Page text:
Workplace safety and welfare

What you need to know...

The law protects the health and safety of everyone in the workplace, and to ensure that adequate welfare facilities are provided for people at work. It sets out precautions that must be taken before work in a confined space, and requires a safety sign where there is significant risk to health and safety not controlled by other methods. The key issues are:

What you need to do...

We have covered many of the specific risks on your farm in other topics. You also need to look at the activities that take place in your workplace as a whole.

General workplace safety

General workplace health

Workplaces can cause health problems, so make sure you provide:

Toilet and welfare facilities in agriculture

If you employ anyone (however short the period) you must provide adequate and appropriate welfare facilities for them while they are at work. 'Welfare facilities' include:

Use of toilet and washing facilities within dwellings

If you have just one employee, it may be acceptable for them to use either the facilities in their home or the home of the employer, provided that:

Where up to three people are employed, it may be acceptable to extend the above arrangements, if:

Remote worksites – temporary facilities

For remote worksites portable toilet and washing facilities are acceptable. For example:

The number of toilets will depend on the number of workers on site and the type of facilities provided. Portable toilets have a limited capacity and will need emptying. A toilet to person ratio of 1:7 is recommended for toilets that are emptied once a week.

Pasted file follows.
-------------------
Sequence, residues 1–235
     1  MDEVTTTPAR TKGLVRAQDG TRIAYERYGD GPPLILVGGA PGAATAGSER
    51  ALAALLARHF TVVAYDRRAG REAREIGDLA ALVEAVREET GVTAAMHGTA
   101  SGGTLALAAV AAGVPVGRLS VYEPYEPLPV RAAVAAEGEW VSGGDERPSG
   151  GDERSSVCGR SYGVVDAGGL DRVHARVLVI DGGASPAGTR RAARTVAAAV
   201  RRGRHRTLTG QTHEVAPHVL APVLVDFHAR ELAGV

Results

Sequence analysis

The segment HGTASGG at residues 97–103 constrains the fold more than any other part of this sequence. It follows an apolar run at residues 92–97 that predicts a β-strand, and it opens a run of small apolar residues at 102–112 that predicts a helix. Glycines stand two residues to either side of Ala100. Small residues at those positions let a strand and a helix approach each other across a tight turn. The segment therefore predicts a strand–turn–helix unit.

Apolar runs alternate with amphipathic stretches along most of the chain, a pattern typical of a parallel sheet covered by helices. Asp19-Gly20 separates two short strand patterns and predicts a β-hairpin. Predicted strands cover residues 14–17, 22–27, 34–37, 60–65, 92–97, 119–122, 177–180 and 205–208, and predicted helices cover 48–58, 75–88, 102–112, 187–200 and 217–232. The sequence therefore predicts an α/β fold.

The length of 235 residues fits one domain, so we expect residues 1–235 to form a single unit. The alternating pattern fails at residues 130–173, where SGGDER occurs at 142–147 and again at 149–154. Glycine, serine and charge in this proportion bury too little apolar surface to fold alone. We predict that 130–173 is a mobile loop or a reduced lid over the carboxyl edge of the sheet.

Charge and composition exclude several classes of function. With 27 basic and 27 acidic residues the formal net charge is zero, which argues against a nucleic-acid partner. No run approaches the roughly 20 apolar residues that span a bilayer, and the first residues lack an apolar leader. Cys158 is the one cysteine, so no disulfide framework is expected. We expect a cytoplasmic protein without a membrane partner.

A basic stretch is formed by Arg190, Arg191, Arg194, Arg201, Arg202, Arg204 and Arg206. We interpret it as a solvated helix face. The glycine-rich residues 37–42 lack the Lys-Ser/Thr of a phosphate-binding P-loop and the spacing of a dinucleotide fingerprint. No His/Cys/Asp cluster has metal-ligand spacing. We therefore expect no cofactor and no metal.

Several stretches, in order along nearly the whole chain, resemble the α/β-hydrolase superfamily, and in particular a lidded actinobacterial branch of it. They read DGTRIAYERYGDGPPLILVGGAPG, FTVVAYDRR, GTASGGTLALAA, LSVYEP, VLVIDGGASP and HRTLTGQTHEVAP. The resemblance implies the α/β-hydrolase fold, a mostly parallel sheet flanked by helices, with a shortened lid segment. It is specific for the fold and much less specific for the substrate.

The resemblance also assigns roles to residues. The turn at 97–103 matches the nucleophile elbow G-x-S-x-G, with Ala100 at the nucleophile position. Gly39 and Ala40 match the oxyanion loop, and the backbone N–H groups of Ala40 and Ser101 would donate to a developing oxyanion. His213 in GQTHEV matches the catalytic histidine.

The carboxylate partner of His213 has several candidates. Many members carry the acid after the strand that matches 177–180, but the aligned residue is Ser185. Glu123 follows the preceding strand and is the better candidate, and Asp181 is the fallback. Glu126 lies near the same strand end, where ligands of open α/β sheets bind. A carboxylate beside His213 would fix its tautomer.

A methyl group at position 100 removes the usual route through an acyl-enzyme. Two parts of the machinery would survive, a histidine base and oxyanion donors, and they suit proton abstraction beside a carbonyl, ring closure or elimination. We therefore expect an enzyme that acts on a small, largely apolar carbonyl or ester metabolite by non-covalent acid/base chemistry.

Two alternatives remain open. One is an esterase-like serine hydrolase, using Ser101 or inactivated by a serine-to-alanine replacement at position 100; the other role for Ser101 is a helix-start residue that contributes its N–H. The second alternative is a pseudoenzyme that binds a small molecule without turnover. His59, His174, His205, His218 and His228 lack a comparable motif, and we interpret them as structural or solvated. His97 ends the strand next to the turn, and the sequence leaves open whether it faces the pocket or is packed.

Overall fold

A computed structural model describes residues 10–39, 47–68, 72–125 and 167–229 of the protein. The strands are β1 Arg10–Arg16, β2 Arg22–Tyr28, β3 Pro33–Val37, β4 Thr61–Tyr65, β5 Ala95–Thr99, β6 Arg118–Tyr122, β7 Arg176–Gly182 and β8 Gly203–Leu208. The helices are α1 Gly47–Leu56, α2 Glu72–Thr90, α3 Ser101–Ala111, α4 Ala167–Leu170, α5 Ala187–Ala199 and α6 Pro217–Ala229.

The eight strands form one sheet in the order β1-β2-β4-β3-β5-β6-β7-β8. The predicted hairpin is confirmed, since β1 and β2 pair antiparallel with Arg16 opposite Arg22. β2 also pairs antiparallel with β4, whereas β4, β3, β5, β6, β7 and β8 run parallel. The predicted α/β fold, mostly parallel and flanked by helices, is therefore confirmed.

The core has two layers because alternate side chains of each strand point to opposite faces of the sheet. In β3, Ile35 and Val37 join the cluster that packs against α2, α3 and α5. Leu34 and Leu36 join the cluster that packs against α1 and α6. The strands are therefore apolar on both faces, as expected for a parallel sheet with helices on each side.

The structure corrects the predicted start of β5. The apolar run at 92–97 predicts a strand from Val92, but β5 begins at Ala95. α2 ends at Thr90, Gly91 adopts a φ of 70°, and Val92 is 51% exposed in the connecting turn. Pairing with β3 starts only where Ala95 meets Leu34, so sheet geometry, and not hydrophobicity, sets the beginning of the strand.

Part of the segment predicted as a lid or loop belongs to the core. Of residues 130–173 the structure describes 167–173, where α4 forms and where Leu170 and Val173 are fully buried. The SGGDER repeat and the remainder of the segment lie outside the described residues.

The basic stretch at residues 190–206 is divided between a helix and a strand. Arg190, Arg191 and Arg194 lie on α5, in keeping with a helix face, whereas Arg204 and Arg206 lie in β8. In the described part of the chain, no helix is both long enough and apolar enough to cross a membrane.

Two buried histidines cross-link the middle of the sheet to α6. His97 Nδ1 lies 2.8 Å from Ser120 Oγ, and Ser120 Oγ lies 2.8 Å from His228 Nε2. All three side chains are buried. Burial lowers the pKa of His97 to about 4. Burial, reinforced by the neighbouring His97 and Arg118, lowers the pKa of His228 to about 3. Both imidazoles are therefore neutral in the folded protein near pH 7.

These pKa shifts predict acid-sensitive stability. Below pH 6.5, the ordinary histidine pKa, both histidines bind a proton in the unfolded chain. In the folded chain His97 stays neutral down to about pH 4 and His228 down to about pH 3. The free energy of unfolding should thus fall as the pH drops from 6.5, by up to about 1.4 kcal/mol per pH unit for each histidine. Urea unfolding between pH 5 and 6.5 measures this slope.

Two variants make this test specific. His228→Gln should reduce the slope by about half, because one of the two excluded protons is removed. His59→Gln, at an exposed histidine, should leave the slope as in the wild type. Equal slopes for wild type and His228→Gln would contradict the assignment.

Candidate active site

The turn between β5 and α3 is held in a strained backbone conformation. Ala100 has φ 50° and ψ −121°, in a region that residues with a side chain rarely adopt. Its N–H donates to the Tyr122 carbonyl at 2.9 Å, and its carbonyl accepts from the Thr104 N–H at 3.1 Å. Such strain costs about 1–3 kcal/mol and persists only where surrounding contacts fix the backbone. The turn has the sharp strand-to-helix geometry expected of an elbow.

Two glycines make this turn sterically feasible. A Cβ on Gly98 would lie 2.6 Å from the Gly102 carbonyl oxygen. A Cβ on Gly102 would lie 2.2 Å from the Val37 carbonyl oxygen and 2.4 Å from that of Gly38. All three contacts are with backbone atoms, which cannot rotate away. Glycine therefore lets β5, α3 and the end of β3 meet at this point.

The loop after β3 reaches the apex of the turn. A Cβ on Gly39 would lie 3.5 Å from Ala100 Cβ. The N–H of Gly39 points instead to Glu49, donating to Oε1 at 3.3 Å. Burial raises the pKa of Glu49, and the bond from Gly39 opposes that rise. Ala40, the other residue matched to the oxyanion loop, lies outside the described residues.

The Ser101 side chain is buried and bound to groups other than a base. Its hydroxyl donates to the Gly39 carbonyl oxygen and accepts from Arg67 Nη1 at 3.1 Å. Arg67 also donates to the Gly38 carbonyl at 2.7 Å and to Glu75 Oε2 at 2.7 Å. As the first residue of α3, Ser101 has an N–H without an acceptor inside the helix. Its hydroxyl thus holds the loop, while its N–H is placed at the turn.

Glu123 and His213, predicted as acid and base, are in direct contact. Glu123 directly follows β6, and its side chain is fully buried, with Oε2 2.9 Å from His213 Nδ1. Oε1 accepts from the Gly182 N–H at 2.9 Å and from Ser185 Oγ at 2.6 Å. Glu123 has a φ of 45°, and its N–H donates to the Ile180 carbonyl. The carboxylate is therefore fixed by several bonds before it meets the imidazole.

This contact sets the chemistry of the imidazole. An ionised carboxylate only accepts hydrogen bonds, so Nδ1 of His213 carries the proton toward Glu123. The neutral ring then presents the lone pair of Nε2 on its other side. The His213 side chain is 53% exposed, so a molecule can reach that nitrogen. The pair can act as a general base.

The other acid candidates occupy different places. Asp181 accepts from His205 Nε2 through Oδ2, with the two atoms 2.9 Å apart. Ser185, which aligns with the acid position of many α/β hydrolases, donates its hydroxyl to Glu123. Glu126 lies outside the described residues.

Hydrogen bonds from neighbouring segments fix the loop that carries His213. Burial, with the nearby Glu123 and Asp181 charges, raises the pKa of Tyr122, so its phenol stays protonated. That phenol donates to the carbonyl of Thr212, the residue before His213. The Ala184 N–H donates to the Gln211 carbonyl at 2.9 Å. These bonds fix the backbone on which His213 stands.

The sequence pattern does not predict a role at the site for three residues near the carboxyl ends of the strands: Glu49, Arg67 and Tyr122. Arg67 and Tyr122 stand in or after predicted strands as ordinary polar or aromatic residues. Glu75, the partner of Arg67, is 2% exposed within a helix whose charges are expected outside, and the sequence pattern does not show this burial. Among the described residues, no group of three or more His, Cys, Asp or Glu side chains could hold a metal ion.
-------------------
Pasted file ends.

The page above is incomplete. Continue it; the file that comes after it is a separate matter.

Sanitary waste disposal should be provided in temporary facilities used by female workers.

Washing facilities at remote worksites will be required during the main periods of work, and clean running water (or clean containerised water if running water is not available), with soap and towels and a receptacle for the water, will be adequate.

At other times, if staff are likely to be in contact with chemicals or micro-organisms, eg from fumigation activities, sheep dipping, or muck handling, identical facilities will be needed.

Further information

Confined spaces

A confined space is anywhere that, because it is enclosed, results in a risk of serious injury from fire or explosion, loss of consciousness from lack of oxygen, drowning, or asphyxiation. Confined spaces on farms include:

There have been fatal accidents  in confined spaces on farms. Sometimes more than one person has been killed – the second person often being a would-be rescuer entering the confined space without taking safety precautions. If you have areas which present any of these risks you must:

For further information on managing the risks from slurry please see Working Safely with Slurry.

Spaces with limited ventilation

Fire precautions in workplaces

Assess the risks if a fire were to break out, and make sure that:

Fertiliser storage

Store all fertilisers safely. Special requirements apply for the storage of ammonium nitrate (AN) fertiliser. As an oxidising agent, it can help other materials to burn and in certain circumstances it can explode and give off toxic fumes.

Consider the specific risks on your farm

Do you use mobile gas heaters, eg in caravans or for gas brooders? Are they maintained and placed in areas with adequate ventilation for workers?

Have you introduced new risks, eg biodiesel production? Consider where are you making it and where are you storing it – and whether your safety precautions are adequate.

Are you diversifying, eg with open farms, holiday accommodation or shops? Have you carried out a risk assessment identifying the hazards faced by the general public, and assessed the risks, so you can implement  suitable control measures?  For example you may need to consider:

Railway crossings

Do you have a railway level crossing on your farm? If you do, you need to ensure that both you and others using it on your behalf know what they need to do to use the crossing safely.

See the following ORR guidance or contact ORR for further advice.